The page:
Create A Winterthur Inspired Everlasting Christmas Tree

A tour of Henry Francis du Pont’s former extraordinary home was my destination this year to enjoy holiday style decorations. An eighteen room dollhouse, fully decorated with Christmas treasures and other handmade pieces was also one of the draws for me.

Dried flower tree at Winterthur
Dried flower tree at Winterthur

Another was the large fir in the Conservatory decorated with hundreds of multi-hued dried flowers or “everlastings” that looked as fresh as if just picked. The iconic ‘Dried Flower Tree” is a tradition for Winterthur and people are amazed when they see it.

Dried rose and statice on the tree looked fresh
Dried rose, Chinese Lantern, and Statice on the tree looked fresh

Arrangements are placed throughout the house all year-long with fresh flowers, and after they have done their duty in the floral designs, the flowers are taken to the basement of a cottage on the property. There, they are dried in the room dubbed “the drying room”. Serving double duty, these flowers arranged on the tree create a multi-hued rainbow effect that is stunning.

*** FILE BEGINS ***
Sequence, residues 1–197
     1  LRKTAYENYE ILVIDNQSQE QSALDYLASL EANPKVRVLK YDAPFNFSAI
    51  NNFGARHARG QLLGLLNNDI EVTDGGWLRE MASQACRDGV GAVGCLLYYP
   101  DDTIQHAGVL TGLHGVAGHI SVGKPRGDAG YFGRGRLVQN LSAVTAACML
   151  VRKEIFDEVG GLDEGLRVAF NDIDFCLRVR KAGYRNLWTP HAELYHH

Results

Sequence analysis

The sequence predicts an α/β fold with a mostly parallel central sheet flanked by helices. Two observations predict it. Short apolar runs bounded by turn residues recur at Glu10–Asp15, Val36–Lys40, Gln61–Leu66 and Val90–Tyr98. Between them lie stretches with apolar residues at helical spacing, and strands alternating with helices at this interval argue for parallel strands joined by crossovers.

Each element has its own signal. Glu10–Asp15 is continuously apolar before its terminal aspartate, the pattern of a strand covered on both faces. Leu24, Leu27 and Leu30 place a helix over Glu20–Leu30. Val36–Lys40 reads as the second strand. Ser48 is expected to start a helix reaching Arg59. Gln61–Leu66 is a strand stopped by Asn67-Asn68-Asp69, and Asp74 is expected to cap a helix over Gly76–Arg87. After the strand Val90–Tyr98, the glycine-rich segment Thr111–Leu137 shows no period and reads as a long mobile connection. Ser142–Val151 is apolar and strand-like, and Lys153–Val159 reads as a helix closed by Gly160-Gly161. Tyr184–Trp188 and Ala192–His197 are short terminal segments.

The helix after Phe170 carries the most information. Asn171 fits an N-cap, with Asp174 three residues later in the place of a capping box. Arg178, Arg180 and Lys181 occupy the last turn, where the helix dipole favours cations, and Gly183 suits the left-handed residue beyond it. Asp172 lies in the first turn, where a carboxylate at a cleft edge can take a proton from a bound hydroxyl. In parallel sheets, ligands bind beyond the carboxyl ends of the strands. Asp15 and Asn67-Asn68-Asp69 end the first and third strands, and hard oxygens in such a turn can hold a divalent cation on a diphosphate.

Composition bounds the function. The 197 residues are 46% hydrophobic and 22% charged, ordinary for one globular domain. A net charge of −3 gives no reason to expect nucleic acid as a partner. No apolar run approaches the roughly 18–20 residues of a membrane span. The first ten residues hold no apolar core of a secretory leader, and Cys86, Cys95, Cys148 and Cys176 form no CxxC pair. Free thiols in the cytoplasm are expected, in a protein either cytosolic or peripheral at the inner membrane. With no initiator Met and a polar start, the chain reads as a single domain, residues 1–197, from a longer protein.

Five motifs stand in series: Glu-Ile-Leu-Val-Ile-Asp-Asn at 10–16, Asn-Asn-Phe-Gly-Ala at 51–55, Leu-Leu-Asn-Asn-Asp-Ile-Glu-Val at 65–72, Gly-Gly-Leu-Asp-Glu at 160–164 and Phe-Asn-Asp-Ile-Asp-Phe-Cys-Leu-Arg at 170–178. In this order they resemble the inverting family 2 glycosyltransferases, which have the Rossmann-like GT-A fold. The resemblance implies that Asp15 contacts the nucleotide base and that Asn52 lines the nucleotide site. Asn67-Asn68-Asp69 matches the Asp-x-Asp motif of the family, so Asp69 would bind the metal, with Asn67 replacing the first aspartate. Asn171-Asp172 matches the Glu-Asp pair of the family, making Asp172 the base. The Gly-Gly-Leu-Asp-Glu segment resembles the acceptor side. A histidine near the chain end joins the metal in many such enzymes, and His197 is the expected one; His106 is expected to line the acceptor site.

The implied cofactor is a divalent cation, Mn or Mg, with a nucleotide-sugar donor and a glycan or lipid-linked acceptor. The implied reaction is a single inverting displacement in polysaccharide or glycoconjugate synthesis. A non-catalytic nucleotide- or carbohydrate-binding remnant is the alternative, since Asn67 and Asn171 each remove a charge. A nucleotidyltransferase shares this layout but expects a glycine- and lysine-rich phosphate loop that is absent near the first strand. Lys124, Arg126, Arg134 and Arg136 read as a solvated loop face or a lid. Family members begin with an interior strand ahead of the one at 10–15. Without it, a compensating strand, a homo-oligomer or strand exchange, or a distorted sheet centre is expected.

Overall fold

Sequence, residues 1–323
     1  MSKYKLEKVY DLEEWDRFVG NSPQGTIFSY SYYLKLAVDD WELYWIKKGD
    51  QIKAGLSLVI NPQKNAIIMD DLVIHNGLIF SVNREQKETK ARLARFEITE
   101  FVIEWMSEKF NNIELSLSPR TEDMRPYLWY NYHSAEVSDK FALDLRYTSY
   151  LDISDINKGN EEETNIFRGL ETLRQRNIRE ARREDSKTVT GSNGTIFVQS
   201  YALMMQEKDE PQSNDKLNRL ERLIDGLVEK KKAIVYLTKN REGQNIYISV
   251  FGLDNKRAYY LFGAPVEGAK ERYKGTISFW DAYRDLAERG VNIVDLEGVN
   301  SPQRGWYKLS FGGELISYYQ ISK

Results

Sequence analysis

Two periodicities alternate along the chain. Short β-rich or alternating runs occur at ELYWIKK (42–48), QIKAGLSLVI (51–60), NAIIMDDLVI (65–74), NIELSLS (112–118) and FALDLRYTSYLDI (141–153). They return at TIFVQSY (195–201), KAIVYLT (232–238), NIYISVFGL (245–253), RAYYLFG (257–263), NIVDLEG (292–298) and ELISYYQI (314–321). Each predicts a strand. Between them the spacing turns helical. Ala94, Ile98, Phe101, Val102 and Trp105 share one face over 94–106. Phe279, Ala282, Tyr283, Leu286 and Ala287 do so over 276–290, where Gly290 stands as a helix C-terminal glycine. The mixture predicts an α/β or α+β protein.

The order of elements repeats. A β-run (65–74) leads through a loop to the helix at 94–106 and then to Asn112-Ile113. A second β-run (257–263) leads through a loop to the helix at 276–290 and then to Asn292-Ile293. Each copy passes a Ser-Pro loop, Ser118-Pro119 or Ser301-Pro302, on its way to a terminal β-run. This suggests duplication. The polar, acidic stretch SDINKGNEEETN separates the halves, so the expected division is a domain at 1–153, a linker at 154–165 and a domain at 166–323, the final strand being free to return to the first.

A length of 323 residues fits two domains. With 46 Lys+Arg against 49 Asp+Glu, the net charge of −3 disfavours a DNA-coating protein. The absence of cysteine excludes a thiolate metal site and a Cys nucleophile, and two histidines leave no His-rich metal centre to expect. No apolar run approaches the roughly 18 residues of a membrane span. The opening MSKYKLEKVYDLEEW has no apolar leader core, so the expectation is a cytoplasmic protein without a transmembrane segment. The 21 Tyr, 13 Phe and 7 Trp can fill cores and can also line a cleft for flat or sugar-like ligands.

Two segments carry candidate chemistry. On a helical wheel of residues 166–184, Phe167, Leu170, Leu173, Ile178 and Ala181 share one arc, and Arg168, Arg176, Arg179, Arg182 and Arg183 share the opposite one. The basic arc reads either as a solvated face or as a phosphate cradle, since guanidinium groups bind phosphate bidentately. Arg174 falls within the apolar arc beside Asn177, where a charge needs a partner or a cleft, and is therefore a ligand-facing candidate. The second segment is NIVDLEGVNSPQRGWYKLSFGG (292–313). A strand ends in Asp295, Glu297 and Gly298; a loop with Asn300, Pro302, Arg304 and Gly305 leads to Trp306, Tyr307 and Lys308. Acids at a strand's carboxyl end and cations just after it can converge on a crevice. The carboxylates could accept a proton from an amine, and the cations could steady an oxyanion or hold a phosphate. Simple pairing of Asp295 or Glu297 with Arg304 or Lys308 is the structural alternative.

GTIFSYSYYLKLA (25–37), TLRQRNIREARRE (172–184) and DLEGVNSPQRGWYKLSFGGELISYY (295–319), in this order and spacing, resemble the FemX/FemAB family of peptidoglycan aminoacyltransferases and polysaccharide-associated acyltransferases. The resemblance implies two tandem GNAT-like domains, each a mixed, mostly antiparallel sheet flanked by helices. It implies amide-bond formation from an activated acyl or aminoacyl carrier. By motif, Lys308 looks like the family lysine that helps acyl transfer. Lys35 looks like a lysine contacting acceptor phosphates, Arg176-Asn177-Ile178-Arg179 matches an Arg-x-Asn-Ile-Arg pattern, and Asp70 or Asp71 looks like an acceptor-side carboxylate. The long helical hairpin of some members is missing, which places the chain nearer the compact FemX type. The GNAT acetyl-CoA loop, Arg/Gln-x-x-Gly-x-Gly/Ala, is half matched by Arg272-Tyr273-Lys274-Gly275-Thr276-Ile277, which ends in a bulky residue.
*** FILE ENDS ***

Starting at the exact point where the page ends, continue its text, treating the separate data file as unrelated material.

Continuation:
A single rose hangs from the tree
A single rose hangs from the tree, photo by Amy Sparwasser

For the actual process of decorating this tree, which started in 1986, look at this video.

Most of the flowers are picked on Winterthur’s property throughout the year and either air-dried or dried with silica gel, a  crystalline dessicant. Starting in March/April with the daffodil, any flower that can be dried is used for that purpose.

Some of the dried flowers used
Some of the dried flowers used

Everything is then packed into a fumigant tent for three weeks, starting in early October, to kill any pests. In late October, the flowers are brought out and organized by color into long boxes. Starting with the topper, the staff works all around the tree, bunching many of the flowers for a bigger impact. Special flowers like peonies and roses are placed singly on the branches, wired for stability.

Love Lies Bleeding drapes from the tree top
Love Lies Bleeding drapes from the tree top
Dried peony
Dried peony

Queen Anne’s Lace, peonies, daffodils, and zinnias are dried for ten days with silica gel as these don’t dry well with air drying. Others like larkspur, yarrow, billy balls, safflower, cockscomb, money plant, hydrangea, and Chinese lantern are air-dried in a dark place for about a week and then are packed away until ready to be used.